Mohler:  With multi-million dollar teachers.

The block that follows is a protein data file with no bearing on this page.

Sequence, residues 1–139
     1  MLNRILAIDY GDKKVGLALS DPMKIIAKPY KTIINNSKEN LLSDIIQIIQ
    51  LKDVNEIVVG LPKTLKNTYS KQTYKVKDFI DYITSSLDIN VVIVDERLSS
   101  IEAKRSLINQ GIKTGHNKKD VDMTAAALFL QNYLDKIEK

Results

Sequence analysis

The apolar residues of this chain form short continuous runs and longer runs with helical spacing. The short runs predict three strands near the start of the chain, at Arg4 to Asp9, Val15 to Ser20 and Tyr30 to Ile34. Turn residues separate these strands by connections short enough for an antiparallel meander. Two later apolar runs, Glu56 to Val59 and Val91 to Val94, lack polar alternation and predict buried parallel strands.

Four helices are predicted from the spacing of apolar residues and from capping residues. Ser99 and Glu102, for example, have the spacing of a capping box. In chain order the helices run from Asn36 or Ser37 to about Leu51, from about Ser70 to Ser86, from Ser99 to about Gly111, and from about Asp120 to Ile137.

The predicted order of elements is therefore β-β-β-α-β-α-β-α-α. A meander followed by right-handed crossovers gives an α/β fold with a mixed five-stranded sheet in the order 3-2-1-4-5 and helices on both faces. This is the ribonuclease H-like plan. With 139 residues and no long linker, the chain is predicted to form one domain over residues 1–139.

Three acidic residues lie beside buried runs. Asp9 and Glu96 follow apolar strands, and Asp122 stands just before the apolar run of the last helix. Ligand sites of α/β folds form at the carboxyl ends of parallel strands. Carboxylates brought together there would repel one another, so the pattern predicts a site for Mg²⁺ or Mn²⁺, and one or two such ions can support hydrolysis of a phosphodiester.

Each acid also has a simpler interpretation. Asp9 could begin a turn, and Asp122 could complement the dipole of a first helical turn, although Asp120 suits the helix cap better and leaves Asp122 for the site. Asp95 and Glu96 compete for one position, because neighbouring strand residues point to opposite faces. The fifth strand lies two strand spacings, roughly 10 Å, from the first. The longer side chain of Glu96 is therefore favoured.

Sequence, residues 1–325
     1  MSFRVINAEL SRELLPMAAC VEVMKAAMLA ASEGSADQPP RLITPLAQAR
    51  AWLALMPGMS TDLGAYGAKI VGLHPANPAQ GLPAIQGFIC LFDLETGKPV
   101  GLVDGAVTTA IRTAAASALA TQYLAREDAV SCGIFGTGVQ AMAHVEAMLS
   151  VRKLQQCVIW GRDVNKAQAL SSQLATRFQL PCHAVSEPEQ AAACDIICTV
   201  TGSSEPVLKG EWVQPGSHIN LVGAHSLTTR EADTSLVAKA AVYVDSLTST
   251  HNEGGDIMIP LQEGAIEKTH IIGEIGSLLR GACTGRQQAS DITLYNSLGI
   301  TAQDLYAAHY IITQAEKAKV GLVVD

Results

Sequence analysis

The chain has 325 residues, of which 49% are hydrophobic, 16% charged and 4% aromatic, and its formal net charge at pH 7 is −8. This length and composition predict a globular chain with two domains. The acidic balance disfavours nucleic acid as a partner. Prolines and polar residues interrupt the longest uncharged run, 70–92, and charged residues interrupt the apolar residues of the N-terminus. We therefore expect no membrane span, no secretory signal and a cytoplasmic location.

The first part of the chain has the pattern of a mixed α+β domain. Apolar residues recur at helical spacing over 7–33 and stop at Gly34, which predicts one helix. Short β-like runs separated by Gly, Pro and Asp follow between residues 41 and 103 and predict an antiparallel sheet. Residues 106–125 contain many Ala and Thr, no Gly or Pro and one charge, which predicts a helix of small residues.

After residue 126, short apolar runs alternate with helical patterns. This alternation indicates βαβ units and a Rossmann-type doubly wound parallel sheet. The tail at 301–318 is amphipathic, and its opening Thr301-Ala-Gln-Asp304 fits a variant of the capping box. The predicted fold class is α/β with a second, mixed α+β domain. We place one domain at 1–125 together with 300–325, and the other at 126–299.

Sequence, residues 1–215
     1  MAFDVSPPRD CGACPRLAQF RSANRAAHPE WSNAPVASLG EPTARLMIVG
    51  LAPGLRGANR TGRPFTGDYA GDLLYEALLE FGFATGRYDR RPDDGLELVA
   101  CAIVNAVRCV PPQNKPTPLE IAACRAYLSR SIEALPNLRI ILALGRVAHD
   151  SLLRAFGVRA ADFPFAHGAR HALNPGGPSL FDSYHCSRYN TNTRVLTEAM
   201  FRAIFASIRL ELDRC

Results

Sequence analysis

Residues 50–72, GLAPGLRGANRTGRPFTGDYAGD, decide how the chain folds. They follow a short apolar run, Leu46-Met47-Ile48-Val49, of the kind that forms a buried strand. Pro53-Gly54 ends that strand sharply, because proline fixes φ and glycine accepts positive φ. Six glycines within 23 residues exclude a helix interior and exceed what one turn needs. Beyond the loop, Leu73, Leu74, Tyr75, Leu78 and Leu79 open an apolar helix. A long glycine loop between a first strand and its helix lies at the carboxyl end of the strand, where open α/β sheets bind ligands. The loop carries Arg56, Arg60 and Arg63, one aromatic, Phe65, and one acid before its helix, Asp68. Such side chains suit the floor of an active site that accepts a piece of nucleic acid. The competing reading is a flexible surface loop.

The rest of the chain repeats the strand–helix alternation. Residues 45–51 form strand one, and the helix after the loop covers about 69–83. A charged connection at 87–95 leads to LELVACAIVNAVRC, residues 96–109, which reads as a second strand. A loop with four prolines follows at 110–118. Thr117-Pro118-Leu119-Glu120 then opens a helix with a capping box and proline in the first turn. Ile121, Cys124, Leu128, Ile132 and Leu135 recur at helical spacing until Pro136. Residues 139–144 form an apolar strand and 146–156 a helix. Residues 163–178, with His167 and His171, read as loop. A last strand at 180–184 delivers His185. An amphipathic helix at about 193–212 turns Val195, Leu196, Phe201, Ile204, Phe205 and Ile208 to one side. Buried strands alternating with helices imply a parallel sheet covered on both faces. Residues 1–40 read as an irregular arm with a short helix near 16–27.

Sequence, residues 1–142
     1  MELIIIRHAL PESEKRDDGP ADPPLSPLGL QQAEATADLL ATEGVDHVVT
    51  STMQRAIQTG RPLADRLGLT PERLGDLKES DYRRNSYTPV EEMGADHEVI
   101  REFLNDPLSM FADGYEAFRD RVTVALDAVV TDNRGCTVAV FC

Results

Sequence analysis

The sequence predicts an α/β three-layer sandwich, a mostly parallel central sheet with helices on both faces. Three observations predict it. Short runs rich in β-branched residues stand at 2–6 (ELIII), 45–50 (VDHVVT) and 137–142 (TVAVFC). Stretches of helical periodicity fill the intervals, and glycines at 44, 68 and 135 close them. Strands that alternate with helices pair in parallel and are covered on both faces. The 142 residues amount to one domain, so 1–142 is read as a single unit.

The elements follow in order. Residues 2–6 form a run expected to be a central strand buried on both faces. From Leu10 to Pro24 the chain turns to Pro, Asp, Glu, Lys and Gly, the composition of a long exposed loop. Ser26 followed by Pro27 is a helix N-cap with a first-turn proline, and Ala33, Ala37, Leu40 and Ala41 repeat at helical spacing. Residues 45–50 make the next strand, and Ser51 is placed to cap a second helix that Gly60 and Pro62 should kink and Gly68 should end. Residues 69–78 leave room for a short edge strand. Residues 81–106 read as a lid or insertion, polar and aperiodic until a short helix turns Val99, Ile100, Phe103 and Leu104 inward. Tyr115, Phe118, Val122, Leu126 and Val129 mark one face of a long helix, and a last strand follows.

Ripley:  Some, the most successful teachers, can become millionaires there, that’s right, because it’s disaggregated. I mean, students choose their teacher; they don’t choose the academy,. They typically decide, based very much on who gets the best test results, they decide which teacher is the best. A lot of this is word of mouth, but a lot of it is data-driven and they sign up for those teachers. And so the more kids you get signed up for you, the more you get paid; and these really successful hagwon teachers become, literally, celebrities—I mean literal millionaire celebrities in these countries. And it’s the closest I’ve ever seen to a free market for education, which means there are some things that are dysfunctional about it, because the more money you have, the better education you can get. And there are some things that are really cool about it, like teachers are paid according to their value in society. Meeting and interviewing a millionaire teacher—I met multiple millionaire teachers—is a very cool thing, and very inspiring. And I don’t know—I obviously don’t think that this is the way to get there—but, you know, when the Korean government surveyed teenagers, they found that the teenagers vastly preferred their hagwon teachers to their regular teachers. And the reasons they gave were that their tutoring teachers were never giving up on them, that they always tried new things if they weren’t understanding something. They really seemed to care about them, and they were driven to get results in a way that the public school teachers were not, according to the students. So, there’s a lot to be learned about how these paces are run and their sort of best practices, even if we wouldn’t want to follow that model